• One of the things that concerns me greatly is “tax them out of existence” strategies, or “sin tax” strategies since those would make gun ownership a privilege of the wealthy. They are already too much a privilege of the wealthy; that is part of the problem.
  • My proposal is the only method that is blind to color, religion, or class. Everyone gets disarmed eventually, by The Grim Reaper (“MORT”), personally.
  • In my scheme there is no single day when police start going door to door seizing guns. This is a big advantage, since it doesn’t create a threat, or a great big spike in work-load. It simply happens naturally over time; the country gets increasingly disarmed and violent crime statistics ought to demonstrate that the measure is effective.
  • There is no great big financial overhang associated with a gun buy-back; it happens gradually (and can probably be paid with out of interest on a government buy-back fund, like the lotteries do it)
  • It is much easier to disempower / dispossess someone who doesn’t even exist yet. It’s hard to say “I want to leave my hunting rifle to my … uh, kid I haven’t thought of having yet.”
  • One of the biggest problems in dealing with gun violence is telling who is a “bad guy” and who is a “good guy” – my proposal makes this simple: if you were born after a certain date, and you’re carrying a gun, you’re a “bad guy.” Eventually people would realize that if they saw someone with a gun who looked younger than 20, they were probably a bad guy. Then 30. Then 40. Etc.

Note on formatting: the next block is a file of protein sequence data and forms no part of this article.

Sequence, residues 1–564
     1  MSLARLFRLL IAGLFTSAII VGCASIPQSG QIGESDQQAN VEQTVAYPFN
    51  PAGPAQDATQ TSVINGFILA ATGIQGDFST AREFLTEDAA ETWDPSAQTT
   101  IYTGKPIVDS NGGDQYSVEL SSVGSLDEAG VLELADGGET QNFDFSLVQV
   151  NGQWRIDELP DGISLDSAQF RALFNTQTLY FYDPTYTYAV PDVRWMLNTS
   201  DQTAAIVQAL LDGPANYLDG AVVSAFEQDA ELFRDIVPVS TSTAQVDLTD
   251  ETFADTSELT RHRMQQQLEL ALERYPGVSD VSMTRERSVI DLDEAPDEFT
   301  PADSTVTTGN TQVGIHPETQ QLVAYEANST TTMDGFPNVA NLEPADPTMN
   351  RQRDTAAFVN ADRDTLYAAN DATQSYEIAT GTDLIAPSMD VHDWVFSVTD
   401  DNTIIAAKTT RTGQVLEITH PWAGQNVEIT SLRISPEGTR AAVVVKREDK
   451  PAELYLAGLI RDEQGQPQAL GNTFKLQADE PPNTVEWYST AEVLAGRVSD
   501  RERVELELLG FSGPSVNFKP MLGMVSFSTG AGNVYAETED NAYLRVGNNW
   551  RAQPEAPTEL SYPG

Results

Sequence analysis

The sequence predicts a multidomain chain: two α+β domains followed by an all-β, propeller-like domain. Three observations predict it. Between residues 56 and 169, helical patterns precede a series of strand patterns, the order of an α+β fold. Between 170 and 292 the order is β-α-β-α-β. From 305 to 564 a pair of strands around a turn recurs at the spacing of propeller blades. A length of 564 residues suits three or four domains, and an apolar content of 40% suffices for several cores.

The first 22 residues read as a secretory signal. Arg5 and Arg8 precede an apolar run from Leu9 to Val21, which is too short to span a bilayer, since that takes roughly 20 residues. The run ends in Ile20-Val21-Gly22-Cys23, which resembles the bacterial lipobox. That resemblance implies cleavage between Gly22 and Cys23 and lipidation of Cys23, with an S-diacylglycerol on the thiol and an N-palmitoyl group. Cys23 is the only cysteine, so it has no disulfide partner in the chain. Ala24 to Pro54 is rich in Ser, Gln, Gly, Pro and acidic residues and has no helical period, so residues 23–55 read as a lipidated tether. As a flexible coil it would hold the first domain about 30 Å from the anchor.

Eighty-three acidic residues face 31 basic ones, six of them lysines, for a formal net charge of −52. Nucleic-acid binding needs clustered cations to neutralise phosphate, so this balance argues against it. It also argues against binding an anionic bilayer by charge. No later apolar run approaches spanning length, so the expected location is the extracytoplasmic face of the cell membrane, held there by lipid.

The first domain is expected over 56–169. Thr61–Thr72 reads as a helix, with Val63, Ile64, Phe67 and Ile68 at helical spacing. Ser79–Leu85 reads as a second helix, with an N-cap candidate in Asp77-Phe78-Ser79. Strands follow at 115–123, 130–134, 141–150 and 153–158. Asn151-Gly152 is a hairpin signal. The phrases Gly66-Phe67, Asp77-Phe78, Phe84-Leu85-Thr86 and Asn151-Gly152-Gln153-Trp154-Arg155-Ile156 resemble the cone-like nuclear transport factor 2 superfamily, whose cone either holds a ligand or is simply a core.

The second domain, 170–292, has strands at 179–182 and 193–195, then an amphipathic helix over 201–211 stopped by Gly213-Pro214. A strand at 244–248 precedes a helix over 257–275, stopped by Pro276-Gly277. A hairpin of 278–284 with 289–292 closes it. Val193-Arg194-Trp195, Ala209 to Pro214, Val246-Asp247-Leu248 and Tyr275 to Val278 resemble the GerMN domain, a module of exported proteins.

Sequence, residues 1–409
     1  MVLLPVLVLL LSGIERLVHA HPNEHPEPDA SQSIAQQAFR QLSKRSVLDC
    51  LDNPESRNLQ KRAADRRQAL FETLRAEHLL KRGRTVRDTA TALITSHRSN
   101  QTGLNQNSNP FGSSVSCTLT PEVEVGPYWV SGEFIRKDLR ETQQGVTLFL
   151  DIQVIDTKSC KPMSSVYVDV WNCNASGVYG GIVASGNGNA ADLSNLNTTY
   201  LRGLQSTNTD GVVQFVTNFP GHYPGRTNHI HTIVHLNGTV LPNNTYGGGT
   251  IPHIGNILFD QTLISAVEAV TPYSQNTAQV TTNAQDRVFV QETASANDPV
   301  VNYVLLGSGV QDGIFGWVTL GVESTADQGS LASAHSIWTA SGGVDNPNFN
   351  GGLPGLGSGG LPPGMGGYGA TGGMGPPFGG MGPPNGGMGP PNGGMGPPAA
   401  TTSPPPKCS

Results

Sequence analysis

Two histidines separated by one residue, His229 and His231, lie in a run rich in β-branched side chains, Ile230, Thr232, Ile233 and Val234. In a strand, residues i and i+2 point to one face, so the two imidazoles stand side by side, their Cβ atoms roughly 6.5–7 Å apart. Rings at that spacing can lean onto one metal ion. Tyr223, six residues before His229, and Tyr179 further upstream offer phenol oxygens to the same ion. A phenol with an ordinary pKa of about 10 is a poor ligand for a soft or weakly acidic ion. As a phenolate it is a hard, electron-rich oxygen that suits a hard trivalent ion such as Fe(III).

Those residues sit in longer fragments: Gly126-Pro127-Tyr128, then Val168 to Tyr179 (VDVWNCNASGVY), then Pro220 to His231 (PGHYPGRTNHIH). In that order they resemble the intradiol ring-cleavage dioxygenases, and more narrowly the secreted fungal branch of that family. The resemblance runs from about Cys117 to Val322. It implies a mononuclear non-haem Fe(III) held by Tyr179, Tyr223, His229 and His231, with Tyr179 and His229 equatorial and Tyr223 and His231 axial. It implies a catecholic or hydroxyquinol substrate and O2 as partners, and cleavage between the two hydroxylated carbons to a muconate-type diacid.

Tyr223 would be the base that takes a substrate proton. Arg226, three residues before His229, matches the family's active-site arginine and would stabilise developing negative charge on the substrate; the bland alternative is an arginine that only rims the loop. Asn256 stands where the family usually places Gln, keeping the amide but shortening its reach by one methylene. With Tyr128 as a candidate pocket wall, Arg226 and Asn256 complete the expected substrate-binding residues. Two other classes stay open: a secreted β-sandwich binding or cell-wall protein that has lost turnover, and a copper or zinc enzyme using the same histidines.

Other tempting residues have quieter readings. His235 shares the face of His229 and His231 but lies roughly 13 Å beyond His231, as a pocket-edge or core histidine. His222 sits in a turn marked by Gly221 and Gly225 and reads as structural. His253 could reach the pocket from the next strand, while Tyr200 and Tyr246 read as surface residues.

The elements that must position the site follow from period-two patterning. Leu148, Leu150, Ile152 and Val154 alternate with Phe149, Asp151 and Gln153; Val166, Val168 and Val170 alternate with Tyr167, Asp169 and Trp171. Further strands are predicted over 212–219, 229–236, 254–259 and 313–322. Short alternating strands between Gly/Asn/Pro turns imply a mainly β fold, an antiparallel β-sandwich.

• Basing the retirement of gun ownership on age also is very very easy to enforce. “Oh, you’re 75 and you have a gun? Can I see your drivers’ license?”   For us older citizens it’d be nice to be carded at the upper end of the range as well as the lower.
  • My scheme has a deferred financial impact – that’s always attractive to presidents and congresspeople who can pass legislation and say “it doesn’t cost anything” because, in this case, it really doesn’t. It actually recirculates money tied up in millions of guns back into the economy.
  • Many gun owners (including myself!) feel that we’ve owned our guns responsibly and the vast majority of us are never likely to hurt anyone with them. So, they can continue to do that, unpunished: congratulations, you were a safe gun owner your entire life. But your kid doesn’t get the chance.
  • As a society we are accustomed and comfortable to regulating childrens’ experience with dangerous things. We don’t let them drive until a certain age. We don’t let them vote until a certain age. We let them join the military and go kill people elsewhere in the world at a certain age. So now we’re just saying “there’s actually never ‘old enough’ you’re going to be in order to own a gun.”
  • As a society we are accustomed and comfortable with bequeathing younger generations a great big “fuck you!” in the form of radioactive waste, habitat destruction, and global warming. Taking away the future generations’ guns proactively isn’t even a “fuck you” compared to the other “fuck you” we’ve already saddled them with. Besides, they’ll already be worrying about whether or not Mad Max is a prophecy; not having lots of guns around will help buffer the collapse of civilization if they can’t handle the mess the 20th century created for them.